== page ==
A traumatic brain injury (TBI) is defined as an injury that interrupts the normal function of the brain and is caused by a bump, blow or jolt to the head.
Mild TBIs are commonly called concussions, and they are marked by a brief change in consciousness or mental status. More severe TBIs could lead to long-term symptoms to include:
- Prolonged loss of consciousness
- Persistent headache
- Convulsions or seizures
- Interrupted sleep patterns
- Weakness or numbness
- Loss of coordination
- Memory loss
- Agitation or anger
- Slurred speech
- Difficulty concentrating
According to the Centers for Disease Control, motor vehicle accidents cause 20 percent of all TBI-related hospitalizations. They are also the leading cause of TBI-related deaths for people ages 15-34.
How do motor vehicle accidents cause TBIs?
There are both closed and open brain injuries. When it comes to automobile accidents, closed brain injuries are much more common. These injuries involve a blunt impact or blow to the head. An example would be that your head is thrown forward or to the side, striking the steering wheel or windshield. At that point, your head may stop moving, but your brain will continue its motion, crashing against the hard inner bone of your skull. This can cause your brain to become bruised (contusion) or to bleed (brain hemorrhage). It can also cause your brain to swell and the tissues to become compressed.
Open brain injuries occur when the skull is penetrated by a sharp instrument. This can cause the brain to tear—if not from the instrument than from skull fragments. It can also leave you vulnerable to other injuries and infection. While open brain injuries are less common in car crashes, they do occur, often when there are sharp flying objects as a result of the crash or when people are thrown from the car.
Here’s a look at a few specific types of brain injuries that are commonly caused by car accidents:
- Concussion: A concussion occurs when the brain receives trauma from impact or sudden momentum or change of movement. Note that the head does not actually have to strike something for a concussion to occur. If your head is jolted abruptly, the brain hitting the skull can cause the concussion. The effects of concussion are usually temporary.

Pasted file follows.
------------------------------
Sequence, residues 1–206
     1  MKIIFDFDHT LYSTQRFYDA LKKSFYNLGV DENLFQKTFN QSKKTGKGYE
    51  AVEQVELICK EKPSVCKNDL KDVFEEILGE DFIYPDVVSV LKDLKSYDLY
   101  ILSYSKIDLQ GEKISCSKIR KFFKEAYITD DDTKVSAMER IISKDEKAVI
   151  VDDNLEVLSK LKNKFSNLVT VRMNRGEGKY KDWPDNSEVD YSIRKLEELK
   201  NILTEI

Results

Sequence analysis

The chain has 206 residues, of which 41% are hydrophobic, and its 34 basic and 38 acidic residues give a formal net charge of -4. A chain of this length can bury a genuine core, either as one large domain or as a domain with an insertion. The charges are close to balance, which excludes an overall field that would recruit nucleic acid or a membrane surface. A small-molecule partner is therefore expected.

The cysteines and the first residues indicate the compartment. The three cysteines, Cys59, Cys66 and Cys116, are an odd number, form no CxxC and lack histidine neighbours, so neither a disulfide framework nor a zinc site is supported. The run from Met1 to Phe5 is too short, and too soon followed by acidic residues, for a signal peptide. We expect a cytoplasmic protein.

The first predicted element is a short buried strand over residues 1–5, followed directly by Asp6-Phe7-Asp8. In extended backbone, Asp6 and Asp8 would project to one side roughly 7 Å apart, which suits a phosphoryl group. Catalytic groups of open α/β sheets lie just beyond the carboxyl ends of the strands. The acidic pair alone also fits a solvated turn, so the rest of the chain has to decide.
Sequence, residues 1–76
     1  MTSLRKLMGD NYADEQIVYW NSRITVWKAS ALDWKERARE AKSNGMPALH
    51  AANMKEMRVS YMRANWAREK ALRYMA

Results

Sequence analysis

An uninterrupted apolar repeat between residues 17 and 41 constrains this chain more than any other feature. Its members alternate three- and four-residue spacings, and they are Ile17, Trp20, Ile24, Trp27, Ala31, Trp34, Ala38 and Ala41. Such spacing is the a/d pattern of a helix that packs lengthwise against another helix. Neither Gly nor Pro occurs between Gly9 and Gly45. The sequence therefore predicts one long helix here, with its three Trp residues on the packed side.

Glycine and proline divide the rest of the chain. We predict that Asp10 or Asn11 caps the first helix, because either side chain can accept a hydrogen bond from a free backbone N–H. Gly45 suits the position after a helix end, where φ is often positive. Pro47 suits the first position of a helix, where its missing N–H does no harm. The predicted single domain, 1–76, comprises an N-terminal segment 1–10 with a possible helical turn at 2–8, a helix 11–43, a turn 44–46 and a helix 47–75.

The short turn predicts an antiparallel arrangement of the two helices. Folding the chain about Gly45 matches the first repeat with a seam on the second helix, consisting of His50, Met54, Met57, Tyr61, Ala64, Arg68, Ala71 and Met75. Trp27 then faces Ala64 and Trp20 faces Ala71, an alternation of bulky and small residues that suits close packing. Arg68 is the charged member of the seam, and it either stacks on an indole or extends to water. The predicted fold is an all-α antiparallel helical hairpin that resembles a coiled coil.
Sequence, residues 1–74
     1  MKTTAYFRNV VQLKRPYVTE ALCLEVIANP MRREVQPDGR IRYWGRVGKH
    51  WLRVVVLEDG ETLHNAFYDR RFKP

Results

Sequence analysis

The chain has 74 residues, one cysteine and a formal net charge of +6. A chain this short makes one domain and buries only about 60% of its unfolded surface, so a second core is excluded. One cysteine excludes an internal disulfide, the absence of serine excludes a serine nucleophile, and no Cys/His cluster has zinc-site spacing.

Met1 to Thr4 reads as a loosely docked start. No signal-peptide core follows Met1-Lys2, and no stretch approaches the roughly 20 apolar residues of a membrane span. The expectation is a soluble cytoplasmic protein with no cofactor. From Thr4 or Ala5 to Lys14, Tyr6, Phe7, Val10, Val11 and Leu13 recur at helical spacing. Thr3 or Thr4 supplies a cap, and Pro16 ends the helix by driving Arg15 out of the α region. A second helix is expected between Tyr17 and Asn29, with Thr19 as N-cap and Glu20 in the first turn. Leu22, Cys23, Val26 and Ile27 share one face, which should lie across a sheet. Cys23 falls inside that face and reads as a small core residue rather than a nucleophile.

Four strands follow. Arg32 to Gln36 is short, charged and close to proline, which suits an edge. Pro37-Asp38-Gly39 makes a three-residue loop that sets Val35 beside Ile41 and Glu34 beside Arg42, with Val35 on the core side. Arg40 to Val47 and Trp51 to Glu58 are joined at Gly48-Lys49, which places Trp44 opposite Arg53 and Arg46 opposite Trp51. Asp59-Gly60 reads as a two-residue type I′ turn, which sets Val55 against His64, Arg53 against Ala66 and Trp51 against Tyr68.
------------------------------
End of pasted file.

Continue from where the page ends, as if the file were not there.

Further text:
- Contusion: Contusions are caused by impact to the head and cause bruising on the brain. These injuries may be referred to as “coup” (brain injured directly under the area of impact) and “contrecoup” (brain injured on the opposite side of the impact).
- Diffuse axonal injury (DAI): This is one of the most devastating forms of TBI. DAI occurs when the brain moves back and forth rapidly inside the skull, tearing and stretching the nerves at the cellular level. These cells are responsible for transmitting information throughout the brain, so when they are damaged, the person may slip into a coma.
- Hematoma: A hematoma is a mass of blood in the brain caused by a broken blood vessel. When a blood vessel breaks, the body starts to clot. This is generally a good thing because it stops the bleeding, but it is problematic when it happens near the brain because the growing clot may actually compress the brain. The location of the clot can affect the severity of the hematoma. If the clot forms between the brain and the dura (lining of the brain), it is known as a subdural hematoma and is among the most serious types of head injuries. With a subdural hematoma, blood can flood into the brain area, compressing brain tissue and often leading to death.
How do I know if I have a brain injury?
The tricky thing about traumatic brain injury is that the symptoms can be very subtle. They may not show up until days or even weeks after the injury occurs.
After a car accident, it is always best to see a doctor as soon as possible. They can examine you, ask important screening questions, and order medical tests if necessary, such as a CT scan to detect brain swelling or bleeding. In many cases, early detection and intervention are critical for decreasing risks for long-term problems from brain injuries.
How do I deal with expenses from my traumatic brain injury?
Though many brain injuries are mild and clear up quickly, others drag on for months or years, resulting in missed work, inability to drive, countless medical appointments and ongoing rehabilitation. In some cases, they may even require full-time care for life. We frequently see the crippling financial burdens these injuries place on people, and it can be extremely stressful for both the patient and their family.
A skilled traumatic brain injury attorney can help you get the financial compensation that you deserve to deal with these injuries. In the case of an auto accident, your injuries may have been caused by the fault of another driver or even the malfunction of your car due to manufacturing defects. It’s important to remember that the other party’s insurance company will do all in their power to pay as little as possible, including offering you a settlement that may not adequately cover the ongoing costs of your medical care.
If you received a traumatic brain injury in the Las Vegas area, make sure that you are enlisting the help of an experienced Las Vegas traumatic brain injury attorney. They can accurately assess the costs of your ongoing rehabilitation and care and fight for the full range of the benefits that you deserve. The physical and mental stresses of TBI are taxing enough without the added burden of financial stresses caused by the injury.